The highest levels of tyramine were found in red wine, and the highest levels of histidine were found in sake, the researchers note. The beer tested contained only small amounts of these biogenic amines, they say.
Some foods have more biogenic amines than others, but you cant tell because they arent listed on the food labels, Mathies says. Even a single glass of wine has been known to trigger elevated blood pressure, heart rate and headaches in some people, he notes. I think that certain foods, especially wines, should indicate their biogenic amine content.
Besides beverages, the test can be used for a wide range of food products, including cheese, chocolate, fish and even sauerkraut. In addition to being used by consumers in the home, the device could be used by industry as a quick method to monitor or limit the biogenic amine content of foods and beverages, according to the researchers. It can also be used to screen foods that have been deliberately contaminated, they say.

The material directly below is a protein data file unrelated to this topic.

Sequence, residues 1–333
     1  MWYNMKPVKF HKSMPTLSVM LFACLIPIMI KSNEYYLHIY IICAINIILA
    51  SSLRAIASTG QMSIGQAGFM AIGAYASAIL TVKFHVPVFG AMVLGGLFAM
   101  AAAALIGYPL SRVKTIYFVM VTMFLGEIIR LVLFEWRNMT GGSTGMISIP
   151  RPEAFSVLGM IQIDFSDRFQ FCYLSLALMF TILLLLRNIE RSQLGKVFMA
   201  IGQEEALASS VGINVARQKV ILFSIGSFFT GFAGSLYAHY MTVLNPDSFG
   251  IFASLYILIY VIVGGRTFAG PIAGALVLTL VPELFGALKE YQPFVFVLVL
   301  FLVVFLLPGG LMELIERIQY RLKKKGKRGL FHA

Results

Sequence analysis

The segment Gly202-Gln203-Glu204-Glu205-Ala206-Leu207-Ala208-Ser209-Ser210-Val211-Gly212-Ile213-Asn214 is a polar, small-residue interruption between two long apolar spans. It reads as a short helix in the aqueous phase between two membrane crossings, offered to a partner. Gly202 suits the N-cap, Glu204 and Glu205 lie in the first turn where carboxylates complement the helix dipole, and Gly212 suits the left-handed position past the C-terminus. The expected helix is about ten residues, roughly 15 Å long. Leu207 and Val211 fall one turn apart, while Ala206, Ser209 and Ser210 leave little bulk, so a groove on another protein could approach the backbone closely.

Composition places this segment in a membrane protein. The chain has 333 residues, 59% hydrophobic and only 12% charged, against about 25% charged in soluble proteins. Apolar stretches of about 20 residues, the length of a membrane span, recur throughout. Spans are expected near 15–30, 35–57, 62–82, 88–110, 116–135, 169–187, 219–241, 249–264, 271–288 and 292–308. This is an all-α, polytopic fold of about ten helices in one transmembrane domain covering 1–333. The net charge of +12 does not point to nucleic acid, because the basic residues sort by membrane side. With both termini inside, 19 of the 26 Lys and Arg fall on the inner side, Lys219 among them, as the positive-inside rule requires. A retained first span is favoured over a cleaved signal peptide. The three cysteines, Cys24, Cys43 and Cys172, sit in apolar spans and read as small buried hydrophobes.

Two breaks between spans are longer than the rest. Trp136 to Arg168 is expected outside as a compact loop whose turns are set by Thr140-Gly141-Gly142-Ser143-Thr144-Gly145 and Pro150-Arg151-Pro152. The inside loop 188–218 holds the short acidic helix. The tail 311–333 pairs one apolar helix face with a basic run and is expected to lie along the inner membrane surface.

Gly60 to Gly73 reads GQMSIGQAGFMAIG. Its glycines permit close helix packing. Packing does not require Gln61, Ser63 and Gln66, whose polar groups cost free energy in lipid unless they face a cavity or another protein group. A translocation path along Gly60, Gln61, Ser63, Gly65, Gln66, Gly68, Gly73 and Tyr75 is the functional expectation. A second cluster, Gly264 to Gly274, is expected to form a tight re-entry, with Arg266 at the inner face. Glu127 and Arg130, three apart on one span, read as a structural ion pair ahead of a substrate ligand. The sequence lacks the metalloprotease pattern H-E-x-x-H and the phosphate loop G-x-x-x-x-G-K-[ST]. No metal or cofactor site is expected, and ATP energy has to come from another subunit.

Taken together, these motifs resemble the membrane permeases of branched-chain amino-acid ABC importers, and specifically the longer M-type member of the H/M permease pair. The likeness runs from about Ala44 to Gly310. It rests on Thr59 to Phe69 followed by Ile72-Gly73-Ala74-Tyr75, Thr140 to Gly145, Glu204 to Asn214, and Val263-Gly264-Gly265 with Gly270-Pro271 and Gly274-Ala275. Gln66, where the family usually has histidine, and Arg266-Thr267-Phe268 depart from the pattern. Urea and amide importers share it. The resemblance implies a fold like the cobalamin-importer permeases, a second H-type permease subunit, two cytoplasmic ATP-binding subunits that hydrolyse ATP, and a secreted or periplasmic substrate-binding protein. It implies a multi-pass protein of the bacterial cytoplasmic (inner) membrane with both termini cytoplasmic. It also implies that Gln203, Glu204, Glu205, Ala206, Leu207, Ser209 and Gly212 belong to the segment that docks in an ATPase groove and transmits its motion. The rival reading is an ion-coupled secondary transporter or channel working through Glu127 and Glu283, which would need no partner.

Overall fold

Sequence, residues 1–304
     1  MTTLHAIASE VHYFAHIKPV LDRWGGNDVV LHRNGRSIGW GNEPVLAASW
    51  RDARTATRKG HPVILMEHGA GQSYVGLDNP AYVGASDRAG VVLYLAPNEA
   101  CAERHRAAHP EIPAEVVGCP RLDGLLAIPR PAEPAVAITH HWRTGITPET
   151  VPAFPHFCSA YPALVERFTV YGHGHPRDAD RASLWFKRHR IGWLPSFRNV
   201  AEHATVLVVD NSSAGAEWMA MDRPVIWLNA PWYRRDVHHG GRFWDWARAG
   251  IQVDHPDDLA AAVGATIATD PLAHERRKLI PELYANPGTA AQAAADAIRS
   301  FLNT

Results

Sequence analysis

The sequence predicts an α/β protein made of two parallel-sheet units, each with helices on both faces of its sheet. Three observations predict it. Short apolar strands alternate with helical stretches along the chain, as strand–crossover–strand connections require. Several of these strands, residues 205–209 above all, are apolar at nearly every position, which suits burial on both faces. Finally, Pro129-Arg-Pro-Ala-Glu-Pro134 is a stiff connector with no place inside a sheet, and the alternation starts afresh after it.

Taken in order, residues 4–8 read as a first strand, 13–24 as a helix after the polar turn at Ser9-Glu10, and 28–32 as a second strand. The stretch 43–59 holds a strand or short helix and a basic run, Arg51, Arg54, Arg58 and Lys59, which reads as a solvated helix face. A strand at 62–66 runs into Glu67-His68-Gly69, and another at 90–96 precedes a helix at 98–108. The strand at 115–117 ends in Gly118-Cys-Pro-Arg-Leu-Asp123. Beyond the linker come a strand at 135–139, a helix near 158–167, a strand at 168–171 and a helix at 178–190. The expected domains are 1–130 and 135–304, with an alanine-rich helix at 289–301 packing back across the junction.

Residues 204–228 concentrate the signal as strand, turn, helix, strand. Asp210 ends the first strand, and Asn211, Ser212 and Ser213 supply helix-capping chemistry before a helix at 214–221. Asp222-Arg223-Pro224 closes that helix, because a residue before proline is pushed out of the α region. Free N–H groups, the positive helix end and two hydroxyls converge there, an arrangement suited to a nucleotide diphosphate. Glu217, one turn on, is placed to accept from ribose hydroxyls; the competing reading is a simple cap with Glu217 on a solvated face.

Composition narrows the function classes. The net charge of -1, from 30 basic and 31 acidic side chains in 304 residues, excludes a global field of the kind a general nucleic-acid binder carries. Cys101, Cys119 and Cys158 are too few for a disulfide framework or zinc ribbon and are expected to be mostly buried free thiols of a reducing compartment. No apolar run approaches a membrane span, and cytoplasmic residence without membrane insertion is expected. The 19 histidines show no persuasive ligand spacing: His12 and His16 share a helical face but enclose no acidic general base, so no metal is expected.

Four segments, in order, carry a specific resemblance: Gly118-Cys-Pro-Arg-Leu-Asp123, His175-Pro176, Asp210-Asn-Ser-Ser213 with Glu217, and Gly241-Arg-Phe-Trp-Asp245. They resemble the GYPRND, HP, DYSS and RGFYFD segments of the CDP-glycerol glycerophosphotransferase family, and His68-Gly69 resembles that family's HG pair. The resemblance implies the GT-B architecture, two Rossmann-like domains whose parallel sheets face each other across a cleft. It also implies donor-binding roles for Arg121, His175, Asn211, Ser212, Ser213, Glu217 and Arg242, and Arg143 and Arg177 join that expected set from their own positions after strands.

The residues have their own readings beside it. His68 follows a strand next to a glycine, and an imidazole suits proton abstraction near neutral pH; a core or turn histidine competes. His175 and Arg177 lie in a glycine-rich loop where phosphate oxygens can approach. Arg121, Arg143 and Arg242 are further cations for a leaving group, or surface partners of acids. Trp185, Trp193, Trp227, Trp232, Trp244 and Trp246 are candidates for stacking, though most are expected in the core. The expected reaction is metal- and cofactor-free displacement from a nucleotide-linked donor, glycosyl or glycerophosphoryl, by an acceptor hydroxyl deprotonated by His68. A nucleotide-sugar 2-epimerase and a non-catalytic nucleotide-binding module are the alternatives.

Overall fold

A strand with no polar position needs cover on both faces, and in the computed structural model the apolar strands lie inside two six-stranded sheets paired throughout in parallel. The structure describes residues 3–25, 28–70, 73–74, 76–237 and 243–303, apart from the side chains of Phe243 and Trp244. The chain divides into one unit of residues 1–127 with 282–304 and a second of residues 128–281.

Mathies envisions that the test will eventually be engineered into a PDA or other handheld device that consumers can use at home or in a restaurant to instantly screen a food or beverage sample for the presence of these toxins. More research is needed before this occurs, he says.
The study was funded, in part, by the National Aeronautics and Space Administration. The analyzer was originally developed to look for organic molecules, particularly amino acids, on future explorations of Mars. A version of the sensor has been developed for use in the European Space Agencys 2013 ExoMars mission, Mathies sa
|Contact: Michael Bernstein|
American Chemical Society